I am interested in the subject of loss of knowledge. I often marvel at the design of Byzantine coins in comparison with Roman coins. Could it happen today? I doubt it. As long as ideas are as freely available as they are on Academia.edu and are allowed to compete freely, intervention in education will not work, just as it never worked in previous ages.

A modern example. Japanese history schoolbooks are notoriously skewed against Japanese misbehaviour in the second word war. Japan's neighbours regularly get quite officially excited about this issue. Nevertheless, I have yet to meet a Japanese who does not realise that the books are unreliable or worse. The exceptions are some arch-conservatives I know about but haven't met, who all seem to work as civil servants. There may be others so misled in the military, but a large majority of the Japanese work neither as civil servants, nor in the military. Far right adherents can be found in any country. Extremists seldom have real credibility.

I have no doubt that authorities of all stripes have always meddled in education. Whether it's Roman children being taught about the pantheon or Oxford medical students taught to put their faith in classical Greek and Roman medical text rather than research, policies and propaganda cannot stop change in the long run.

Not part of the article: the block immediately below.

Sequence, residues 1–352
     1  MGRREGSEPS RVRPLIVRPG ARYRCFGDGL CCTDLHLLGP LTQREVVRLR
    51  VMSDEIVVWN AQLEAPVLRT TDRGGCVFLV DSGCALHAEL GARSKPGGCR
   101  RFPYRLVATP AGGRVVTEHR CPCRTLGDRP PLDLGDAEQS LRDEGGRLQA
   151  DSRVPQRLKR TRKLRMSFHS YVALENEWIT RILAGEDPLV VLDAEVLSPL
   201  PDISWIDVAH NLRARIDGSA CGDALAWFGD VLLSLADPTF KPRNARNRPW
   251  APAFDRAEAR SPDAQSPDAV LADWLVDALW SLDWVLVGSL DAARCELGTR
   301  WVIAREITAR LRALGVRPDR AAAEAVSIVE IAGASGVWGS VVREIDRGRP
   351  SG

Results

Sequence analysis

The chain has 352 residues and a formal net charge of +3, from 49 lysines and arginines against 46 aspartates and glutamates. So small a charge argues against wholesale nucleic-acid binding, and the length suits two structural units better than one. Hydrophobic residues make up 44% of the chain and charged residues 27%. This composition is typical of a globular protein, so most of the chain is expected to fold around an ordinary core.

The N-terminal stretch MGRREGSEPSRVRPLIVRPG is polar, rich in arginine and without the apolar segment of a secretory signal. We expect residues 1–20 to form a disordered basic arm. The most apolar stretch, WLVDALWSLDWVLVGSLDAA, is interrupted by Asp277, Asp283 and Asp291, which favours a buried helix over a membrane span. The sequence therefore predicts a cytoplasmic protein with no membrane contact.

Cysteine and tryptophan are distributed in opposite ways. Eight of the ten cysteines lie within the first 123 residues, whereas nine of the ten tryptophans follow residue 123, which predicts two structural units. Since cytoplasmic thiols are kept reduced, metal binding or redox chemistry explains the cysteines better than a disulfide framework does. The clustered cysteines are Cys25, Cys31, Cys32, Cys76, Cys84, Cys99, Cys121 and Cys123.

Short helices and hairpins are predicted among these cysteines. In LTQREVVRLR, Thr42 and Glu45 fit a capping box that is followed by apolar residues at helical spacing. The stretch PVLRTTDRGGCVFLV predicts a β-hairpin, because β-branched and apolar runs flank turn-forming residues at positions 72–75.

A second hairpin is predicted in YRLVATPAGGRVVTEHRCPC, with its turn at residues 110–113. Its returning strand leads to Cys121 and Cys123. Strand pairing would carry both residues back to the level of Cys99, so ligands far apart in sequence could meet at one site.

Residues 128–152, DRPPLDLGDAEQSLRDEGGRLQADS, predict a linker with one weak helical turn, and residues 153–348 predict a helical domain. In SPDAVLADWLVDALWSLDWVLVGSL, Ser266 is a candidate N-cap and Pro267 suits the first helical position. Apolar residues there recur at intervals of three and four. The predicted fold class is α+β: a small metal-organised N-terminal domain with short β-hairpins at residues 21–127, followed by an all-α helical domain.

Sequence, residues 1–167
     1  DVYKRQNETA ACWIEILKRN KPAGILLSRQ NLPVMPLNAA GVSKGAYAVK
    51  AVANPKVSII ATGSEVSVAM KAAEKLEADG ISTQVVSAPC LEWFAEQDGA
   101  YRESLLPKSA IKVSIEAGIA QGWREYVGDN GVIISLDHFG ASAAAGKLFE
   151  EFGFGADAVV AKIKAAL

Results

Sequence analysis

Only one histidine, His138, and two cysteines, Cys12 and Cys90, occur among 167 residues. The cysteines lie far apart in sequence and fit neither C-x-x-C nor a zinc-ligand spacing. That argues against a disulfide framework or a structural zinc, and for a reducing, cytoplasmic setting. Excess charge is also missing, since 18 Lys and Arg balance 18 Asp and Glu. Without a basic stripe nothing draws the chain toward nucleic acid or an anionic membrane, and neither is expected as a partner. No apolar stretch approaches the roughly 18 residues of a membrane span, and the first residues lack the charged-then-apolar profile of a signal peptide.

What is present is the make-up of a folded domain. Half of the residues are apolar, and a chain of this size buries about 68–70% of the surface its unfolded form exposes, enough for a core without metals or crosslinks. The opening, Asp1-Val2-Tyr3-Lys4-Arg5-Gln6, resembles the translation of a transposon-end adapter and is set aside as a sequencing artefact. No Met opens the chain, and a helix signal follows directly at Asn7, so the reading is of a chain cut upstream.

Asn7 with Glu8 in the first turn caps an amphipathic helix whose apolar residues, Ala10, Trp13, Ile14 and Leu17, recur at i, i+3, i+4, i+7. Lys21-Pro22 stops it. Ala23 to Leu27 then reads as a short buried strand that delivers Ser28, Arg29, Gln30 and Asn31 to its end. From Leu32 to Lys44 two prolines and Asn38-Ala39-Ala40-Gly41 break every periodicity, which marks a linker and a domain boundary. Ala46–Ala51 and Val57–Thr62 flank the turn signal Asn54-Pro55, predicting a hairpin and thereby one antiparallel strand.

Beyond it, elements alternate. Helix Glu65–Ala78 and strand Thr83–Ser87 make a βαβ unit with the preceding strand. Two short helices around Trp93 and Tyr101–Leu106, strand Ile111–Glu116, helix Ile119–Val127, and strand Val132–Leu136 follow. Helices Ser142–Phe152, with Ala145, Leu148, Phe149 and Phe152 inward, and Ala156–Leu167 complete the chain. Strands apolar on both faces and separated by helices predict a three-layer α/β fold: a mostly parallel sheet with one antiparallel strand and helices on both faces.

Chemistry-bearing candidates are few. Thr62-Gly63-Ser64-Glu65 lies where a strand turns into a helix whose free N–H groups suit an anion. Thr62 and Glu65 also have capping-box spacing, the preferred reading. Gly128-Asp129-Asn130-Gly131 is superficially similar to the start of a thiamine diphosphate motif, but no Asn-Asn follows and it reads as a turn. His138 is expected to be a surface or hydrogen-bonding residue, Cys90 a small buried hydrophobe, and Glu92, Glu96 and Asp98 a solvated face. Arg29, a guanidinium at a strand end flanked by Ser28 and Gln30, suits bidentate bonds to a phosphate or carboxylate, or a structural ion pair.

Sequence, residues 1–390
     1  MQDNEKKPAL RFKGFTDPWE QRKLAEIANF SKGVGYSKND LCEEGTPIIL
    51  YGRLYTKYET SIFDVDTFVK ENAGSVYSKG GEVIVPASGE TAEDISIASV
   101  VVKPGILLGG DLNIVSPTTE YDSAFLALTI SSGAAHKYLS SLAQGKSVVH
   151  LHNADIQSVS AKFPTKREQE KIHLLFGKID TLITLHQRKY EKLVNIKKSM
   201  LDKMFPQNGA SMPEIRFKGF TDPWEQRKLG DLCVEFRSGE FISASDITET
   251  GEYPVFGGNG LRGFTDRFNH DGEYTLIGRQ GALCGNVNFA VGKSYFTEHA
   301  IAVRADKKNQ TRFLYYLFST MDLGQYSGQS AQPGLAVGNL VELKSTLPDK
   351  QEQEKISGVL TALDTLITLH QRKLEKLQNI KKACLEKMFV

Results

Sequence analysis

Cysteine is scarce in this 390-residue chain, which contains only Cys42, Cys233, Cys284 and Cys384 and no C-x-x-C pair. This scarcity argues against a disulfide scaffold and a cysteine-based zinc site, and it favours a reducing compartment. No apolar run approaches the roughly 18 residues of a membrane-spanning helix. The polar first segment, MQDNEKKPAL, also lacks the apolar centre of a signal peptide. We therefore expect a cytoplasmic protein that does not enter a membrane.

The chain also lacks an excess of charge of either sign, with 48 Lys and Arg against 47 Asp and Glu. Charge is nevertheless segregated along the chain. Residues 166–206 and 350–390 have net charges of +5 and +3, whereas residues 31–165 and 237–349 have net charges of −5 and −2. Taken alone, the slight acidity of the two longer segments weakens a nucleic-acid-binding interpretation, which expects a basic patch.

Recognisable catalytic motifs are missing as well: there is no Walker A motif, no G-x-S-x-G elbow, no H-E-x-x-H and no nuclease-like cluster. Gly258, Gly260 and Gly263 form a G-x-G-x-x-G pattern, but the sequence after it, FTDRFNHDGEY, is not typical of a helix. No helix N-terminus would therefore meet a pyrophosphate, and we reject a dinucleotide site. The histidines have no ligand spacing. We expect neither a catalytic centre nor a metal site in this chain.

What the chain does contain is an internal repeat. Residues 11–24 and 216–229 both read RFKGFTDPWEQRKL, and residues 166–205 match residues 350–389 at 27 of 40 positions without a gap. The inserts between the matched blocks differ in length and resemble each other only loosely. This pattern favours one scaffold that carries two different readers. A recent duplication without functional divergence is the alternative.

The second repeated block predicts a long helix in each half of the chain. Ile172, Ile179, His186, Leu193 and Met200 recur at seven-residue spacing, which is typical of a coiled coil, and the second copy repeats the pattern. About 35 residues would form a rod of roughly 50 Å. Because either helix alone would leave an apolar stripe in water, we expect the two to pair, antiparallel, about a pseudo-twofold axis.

Peter
An unidentified coin is a piece of metal. An identified coin is a piece of history.

Offline EWC

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Re: Sinope, drachm or stater?
« Reply #10 on: September 28, 2017, 11:39:57 AM »
My remarks were neither personal nor specific to the discussion but generic and referring to methodology and logic.

Thanks Peter, and I found your comments, as playing devil's advocate, most helpful.  Apologies if my replies often seem terse – ‘ars longa vita brevis’

I am interested in the subject of loss of knowledge. ………………..I have no doubt that authorities of all stripes have always meddled in education.

Here is I think a very apt example - concerning the history of metrology in the context of money use.  In the course of switching from philosophy to economics – around 1925 – Keynes took a deep interest in the history of metrology.  But then he scoffed at his own ideas calling them “Babylonian madness” - and they played no part in his “Treatise on Money” in 1930

Is that because he was wrong in 1925, or because the facts he found did not suit his political message?  I fear it was the latter.

After Keynes took up Economics he promoted Wittgenstein as a kind of philosophical mouthpiece – (right down to 1939 when K secured the professorship at Cambridge for W).  Like Russell, I judge Wittgenstein did great damage to modern thought.  Here is an interesting direct quote from Wittgenstein

In his diary of 1931 he wrote

“If my name survives, then only as the terminus ad quem of the great philosophy of the West. As the name of him who burnt the library of Alexandria”

Rob T